• Last but not least, it works.

What backup program do you use? Please share your thoughts with us and tell us why you use the software you do.

Comments welcome.

Screenshots are from my personal computer.

CC licensed Flickr photo of hard drive above shared by blakespot.

Article Written by

I have been writing for Lockergnome for eight years.

  • Joe Izzard

    Great, Might look into it further. Cheers!

  • Karl Entner

    I would also suggest for those who also have a tape back up as another way of backing up their stuff to go that way as well. I have a tape back up that I have been using for years as well over here. a 12/24gig tape back up SCSI.

  • Mohamed Sherif

    duh just use dvds, burn your data ppl !

    • Lisandro

      Yeah, sure, I have to buy enough DVD’s for a 750gb backup ¬¬ DVD’s are useless, can’t update the info, are slow, expensive, etc.

    • Mathew Lisett

      hmm, are you still back in 2003. if somebody had a 2TB drive it would take 455 DVD’s to back everything up. and even then just like hard drives, dvd’s are even worse at getting damaged and losing data .

  • Mike Seth

    What about one for Mac? Time Machine doesn’t work with Windows Home Server 2011. 


  • facebook-688046780

    The best backup is the one you use.

  • Jonathan Wakeman

    I use the automatic backup serves Time Machine because I set it up when I first got my computer and never bothered to change. I am tough looking for a good cloud backup to keep my data safe.

  • Ian Singleton

    I find the one that comes with Windows the best I have restored my PC many times with it using the image function. But it tends to get confused and stop working if it can’t find a certain file for example I deleted one file and put it in the trash and Windows back up kept failing because it couldn’t find this file.  I have also used Macrium Reflect which is pretty good for free it has the option to create a rescue disk which is handy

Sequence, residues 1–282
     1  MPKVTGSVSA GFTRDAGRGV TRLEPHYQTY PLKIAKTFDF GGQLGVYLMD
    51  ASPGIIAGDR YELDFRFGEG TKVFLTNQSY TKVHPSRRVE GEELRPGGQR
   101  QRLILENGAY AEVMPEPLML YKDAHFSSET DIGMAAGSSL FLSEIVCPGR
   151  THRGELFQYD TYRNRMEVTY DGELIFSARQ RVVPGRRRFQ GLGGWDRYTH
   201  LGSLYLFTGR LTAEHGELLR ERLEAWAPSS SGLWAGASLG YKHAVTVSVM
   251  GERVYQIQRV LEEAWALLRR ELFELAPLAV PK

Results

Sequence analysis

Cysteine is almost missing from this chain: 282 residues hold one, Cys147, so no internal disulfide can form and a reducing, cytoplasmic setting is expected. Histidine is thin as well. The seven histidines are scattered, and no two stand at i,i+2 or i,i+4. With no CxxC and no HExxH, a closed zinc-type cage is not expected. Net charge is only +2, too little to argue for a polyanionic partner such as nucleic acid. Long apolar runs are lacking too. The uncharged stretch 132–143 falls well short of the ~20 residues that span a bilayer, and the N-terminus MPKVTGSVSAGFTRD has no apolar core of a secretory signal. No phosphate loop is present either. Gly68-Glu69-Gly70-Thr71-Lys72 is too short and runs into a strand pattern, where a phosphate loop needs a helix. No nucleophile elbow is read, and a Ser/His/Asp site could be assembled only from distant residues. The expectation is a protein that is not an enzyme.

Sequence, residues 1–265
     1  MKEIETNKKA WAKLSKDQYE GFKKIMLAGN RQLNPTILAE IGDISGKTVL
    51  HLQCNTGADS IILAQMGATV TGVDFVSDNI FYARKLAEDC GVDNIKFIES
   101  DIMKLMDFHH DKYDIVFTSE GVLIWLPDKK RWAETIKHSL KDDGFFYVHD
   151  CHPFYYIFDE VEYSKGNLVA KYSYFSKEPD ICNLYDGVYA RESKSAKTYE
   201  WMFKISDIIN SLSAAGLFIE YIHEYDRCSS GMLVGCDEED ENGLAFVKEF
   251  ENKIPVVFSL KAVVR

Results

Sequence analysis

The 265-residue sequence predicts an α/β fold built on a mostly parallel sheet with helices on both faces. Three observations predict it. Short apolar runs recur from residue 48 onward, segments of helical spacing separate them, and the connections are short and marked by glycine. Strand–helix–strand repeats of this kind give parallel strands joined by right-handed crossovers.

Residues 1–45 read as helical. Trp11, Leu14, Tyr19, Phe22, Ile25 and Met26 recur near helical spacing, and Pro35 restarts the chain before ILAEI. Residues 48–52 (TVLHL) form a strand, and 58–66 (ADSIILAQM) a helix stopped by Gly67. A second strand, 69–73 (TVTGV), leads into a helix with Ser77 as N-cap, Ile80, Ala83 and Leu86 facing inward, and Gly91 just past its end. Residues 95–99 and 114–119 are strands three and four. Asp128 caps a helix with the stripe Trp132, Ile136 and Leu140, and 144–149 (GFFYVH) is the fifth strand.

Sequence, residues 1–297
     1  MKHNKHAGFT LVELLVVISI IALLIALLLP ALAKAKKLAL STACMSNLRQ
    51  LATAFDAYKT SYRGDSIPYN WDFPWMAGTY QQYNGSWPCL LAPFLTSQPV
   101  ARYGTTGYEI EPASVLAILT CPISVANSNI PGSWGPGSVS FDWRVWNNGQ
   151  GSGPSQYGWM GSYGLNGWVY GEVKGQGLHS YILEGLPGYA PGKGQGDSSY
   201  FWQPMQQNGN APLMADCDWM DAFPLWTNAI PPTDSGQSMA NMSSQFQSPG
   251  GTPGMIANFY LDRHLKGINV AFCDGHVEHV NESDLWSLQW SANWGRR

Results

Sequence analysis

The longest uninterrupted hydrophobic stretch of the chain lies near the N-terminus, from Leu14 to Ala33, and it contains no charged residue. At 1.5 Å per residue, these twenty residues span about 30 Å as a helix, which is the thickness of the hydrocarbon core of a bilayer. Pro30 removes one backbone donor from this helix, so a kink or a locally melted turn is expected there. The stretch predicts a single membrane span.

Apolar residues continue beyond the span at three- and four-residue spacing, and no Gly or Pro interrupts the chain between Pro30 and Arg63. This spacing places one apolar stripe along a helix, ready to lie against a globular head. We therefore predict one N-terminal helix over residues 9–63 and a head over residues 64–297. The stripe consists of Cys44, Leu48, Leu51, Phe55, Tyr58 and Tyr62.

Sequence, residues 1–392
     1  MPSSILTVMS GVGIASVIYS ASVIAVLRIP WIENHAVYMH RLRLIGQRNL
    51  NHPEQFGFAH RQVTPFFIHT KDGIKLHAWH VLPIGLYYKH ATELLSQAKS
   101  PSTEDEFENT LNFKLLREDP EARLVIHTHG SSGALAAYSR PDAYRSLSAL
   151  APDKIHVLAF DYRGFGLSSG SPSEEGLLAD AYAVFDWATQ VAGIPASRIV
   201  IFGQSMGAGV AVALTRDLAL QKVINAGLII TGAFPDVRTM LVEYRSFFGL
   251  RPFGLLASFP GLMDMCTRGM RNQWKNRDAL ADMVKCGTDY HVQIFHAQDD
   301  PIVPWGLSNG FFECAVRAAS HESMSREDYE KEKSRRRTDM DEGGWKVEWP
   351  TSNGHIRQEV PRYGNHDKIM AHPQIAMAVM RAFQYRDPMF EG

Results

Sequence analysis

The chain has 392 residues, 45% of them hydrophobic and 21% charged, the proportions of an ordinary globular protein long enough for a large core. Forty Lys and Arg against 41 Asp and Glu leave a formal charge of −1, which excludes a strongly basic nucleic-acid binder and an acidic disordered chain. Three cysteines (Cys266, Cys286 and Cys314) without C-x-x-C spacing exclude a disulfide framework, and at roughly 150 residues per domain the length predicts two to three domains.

• Drcard Dana

    Look at ShadowProtect.  Does all the others do and much more.  It allows you to load the image as a Virtual PC on a different PC than you original made the image from (even different OS versions).  It’s migration software supplies the necessary drivers to allow the image to run on another PC and even modify the old image file.   Thus, an image of an old XP with an old program that does not run on your new Win 7 PC can be ran and files updates as virtual PC on your new Win 7 system.   User settings for number of backup sets to keep and thus self maintains the backup sets.  Totally adjustable on how often to make incrementials and between what hours fo the day.  Truley a set and forget program.

  • Schreiber

    I’ve looked at a lot of backup software and haven’t quite found exactly what I need. Currently I use Windows 7 Backup and Restore to back up my OS and C drive, on the recommendation of Fred Langa (Windows Secrets newsletter). I also use Acronis. Finally, I used Karenware’s Replicator to do file-by-file backups of important data files–no compression, just straighforward copies. Replicator is nice and quite simple.

    The missing option I’d like to have in a backup application is the ability to back up a main folder but exclude one of the subfolders. I haven’t seen that yet. I’ll have a look at GFI Backup to see if it is an improvement on any of my current programs.

    The trick, though, is not in finding the right software but in remembering to be consistent about doing backups. I once bought a wireless backup device that was supposed to automatically make copies of files from your hard drive to the external device in another part of the house wirelessly whenever your system was not busy. A great idea, but it didn’t quite work for me.

  • Gordon Keenan

    You do know that GFI have dropped GFI Backup from their product range and will honour support paid for until it expires. After that, you stick with what you have or move on to something else.
    The FREE edition will still be around I believe.